The Czech Republic is below the European Union average for the number of years someone lives in a healthy condition. The information was published by EU statistical arm Eurostat to mark World Health Day, which is April 7. It has gained particular importance this year due to the current health crisis.
The number of years a person is expected to continue to live in a healthy condition in the EU was estimated to be 64.2 years for women and 63.7 years for men, based on 2018 data.
In the Czech Republic, women on average have 63.4 years of healthy life while men have 62.2 years. The gender gap is 1.2 years.
Healthy life years, also called disability-free life expectancy, is defined as the number of years that a person is expected to continue to live in a healthy condition. A healthy condition is defined as one without limitation in functioning and without disability.
These figures are different than life expectancy, which charts the time between birth and death regardless of health condition.
Life expectancy in the EU for women, at 83.7 years, was, on average, 5.5 years longer than that for men, at 78.2 years, in 2018. Healthy life years represent approximately 77% and 81% of the total life expectancy for women and men respectively.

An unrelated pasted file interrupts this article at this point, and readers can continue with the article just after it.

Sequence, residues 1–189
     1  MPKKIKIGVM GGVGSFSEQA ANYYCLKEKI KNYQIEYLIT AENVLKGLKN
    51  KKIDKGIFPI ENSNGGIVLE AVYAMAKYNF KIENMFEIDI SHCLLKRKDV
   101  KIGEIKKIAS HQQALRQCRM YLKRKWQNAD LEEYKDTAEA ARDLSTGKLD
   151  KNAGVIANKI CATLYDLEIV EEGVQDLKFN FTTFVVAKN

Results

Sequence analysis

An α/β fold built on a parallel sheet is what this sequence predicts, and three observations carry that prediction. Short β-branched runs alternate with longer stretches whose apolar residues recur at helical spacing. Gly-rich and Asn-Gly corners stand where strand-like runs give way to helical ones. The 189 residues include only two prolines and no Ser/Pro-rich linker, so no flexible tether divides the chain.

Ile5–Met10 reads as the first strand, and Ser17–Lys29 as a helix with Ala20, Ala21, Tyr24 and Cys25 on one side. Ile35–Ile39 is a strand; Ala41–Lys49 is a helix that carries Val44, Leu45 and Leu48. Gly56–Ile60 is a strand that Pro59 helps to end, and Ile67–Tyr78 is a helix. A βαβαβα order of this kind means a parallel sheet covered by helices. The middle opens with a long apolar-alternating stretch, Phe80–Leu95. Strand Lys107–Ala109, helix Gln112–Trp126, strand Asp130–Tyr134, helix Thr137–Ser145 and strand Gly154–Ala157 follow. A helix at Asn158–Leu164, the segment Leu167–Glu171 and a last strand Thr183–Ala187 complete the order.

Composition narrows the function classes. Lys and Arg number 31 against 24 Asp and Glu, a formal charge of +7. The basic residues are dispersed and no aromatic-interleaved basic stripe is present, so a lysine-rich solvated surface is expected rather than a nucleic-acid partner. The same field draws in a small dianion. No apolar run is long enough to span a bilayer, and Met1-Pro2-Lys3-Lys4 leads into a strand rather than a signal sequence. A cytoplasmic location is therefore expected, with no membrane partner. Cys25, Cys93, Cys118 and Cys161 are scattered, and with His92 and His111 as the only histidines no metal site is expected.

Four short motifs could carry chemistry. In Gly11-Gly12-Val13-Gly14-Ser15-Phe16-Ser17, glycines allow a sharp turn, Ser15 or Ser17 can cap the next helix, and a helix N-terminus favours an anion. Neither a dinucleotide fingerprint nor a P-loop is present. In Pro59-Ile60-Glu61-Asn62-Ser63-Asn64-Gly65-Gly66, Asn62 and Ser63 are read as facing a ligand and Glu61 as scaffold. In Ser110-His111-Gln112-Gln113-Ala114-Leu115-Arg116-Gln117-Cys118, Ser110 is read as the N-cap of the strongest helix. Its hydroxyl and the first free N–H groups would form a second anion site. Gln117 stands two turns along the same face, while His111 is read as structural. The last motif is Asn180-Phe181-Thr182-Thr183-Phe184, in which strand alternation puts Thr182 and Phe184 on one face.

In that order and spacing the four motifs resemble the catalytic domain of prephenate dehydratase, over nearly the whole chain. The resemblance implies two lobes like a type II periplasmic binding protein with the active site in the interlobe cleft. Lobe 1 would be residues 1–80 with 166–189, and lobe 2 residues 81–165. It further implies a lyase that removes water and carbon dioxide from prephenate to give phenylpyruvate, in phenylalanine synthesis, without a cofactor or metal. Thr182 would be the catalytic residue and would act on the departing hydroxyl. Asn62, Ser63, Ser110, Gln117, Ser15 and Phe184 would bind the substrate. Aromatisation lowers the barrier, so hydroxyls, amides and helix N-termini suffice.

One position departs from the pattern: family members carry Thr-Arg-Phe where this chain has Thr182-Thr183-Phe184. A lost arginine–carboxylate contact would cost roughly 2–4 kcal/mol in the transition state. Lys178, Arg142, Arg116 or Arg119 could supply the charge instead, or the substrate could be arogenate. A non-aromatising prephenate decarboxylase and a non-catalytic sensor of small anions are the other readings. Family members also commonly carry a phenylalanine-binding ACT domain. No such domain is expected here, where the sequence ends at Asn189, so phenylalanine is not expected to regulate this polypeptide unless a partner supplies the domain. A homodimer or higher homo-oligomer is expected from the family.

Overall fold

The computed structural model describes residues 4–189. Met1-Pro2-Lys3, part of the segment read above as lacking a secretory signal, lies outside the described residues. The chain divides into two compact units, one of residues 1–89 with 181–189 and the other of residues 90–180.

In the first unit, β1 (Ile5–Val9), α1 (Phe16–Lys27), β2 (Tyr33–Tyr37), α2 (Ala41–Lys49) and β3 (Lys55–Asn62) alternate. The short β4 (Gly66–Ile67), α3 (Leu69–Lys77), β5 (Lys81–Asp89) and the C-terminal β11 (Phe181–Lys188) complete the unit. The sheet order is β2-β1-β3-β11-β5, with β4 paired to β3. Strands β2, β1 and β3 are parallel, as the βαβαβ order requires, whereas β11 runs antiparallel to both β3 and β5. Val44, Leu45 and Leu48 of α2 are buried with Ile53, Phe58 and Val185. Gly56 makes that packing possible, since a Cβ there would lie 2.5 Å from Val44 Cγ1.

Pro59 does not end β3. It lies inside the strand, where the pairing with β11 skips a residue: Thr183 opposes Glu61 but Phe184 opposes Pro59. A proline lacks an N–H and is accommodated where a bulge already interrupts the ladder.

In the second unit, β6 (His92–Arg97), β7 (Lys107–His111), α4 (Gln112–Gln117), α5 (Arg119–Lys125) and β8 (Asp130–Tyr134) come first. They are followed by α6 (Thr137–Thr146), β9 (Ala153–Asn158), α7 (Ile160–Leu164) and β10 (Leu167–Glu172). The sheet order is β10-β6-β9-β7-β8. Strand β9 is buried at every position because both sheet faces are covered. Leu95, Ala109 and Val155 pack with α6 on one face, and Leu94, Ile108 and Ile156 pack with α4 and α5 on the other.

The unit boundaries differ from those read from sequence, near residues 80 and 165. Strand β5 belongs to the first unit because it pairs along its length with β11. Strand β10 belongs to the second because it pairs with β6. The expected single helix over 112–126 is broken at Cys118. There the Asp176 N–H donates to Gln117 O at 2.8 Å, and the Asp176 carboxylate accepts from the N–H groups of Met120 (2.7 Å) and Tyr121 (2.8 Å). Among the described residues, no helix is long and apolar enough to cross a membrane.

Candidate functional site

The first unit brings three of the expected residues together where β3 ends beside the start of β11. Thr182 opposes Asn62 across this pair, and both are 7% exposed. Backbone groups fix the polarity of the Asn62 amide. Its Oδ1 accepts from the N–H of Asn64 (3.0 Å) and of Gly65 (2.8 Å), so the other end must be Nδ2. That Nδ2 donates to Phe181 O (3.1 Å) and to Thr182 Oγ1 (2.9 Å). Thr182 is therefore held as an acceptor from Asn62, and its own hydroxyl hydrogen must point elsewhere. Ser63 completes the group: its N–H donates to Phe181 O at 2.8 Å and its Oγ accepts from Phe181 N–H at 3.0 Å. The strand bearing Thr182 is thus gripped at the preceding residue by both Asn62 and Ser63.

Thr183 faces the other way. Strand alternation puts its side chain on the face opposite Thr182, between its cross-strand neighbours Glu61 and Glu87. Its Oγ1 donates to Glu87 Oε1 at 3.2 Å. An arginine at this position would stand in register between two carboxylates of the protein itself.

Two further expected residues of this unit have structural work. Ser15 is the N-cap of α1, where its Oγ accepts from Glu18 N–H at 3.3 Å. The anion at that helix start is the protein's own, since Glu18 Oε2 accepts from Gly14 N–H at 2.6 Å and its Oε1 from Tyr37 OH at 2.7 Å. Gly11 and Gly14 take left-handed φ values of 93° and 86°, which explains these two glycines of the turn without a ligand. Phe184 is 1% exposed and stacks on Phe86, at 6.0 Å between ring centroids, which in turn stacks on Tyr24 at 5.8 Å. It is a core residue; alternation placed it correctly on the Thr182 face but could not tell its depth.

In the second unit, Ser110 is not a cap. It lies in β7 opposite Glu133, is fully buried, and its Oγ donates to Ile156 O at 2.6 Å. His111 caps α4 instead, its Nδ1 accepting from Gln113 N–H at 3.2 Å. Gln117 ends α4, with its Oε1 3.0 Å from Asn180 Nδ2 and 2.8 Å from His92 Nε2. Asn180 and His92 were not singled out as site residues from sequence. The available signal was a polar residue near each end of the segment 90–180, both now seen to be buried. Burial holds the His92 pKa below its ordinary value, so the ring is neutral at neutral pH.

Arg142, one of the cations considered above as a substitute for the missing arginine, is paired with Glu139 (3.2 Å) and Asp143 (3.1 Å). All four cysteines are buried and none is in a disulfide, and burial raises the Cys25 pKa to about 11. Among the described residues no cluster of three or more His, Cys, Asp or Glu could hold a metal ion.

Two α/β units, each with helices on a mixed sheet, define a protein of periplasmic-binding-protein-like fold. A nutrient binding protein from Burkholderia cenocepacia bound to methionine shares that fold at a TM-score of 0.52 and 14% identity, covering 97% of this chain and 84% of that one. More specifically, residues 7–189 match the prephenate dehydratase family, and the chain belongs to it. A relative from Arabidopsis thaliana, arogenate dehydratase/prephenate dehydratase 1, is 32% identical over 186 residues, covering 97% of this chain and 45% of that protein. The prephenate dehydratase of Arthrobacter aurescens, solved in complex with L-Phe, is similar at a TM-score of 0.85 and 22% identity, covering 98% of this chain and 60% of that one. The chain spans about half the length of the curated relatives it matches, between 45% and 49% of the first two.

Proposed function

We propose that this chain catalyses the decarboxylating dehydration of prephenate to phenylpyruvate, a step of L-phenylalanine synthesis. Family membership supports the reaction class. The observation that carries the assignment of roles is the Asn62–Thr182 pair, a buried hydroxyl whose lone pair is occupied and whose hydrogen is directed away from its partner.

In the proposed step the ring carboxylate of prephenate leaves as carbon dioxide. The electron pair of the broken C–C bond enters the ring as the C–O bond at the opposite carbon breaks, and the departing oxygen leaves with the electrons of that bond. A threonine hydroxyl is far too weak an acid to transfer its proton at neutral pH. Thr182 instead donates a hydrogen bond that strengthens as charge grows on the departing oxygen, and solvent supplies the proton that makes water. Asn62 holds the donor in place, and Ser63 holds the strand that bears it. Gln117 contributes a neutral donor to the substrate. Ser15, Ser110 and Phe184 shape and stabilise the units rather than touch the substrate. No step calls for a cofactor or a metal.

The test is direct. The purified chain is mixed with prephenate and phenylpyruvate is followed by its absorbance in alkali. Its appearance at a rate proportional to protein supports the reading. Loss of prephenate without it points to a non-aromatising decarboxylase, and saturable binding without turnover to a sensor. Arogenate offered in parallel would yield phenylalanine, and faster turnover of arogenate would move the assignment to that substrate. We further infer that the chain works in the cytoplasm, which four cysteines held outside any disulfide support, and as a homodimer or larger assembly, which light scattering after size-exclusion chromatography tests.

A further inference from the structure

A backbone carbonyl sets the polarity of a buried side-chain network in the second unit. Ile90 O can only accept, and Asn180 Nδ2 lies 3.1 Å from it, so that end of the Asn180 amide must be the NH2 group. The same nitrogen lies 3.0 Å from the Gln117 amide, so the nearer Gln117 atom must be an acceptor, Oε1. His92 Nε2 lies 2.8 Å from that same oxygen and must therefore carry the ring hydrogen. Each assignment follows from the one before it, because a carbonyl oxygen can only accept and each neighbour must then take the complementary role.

In the Czech Republic, life expectancy for women was 82.0 years and for men 76.2 years. So for Czech women, 78.1% of their lives on average are healthy, while for men it is 81.2%
Among the EU member states, Malta recorded the highest number of healthy life years in 2018 for women, at 73.4 years, followed by Sweden, at 72.0 years, and Ireland, at 70.4 years, while the highest numbers for men were also recorded in Sweden, at 73.7 years, Malta, at 71.9 years, and Ireland, at 68.4 years.
In contrast, Latvia had the lowest number of healthy life years for women, at 53.7 years, and men, at 51.0 years. The results can be affected by the way in which activity limitation is measured in each country.
The number of healthy life years at birth was higher for women than for men in 19 of the EU Member States, with the difference between the sexes generally relatively small. In 5 EU member states the gap was more than two years: Poland (+3.8 years), Bulgaria (+3.6 years), Lithuania (+2.8 years), Latvia (+2.7 years) and Estonia (+2.3 years).
At the opposite end of scale, in seven EU member states the number of healthy life years for women was lower than for men. The largest differences were observed in the Netherlands (-3.9 years), Denmark (-3.4 years) and Finland (- 3.1 years).
These statistical averages exclude the United Kingdom, which left the EU on January 31, 2020.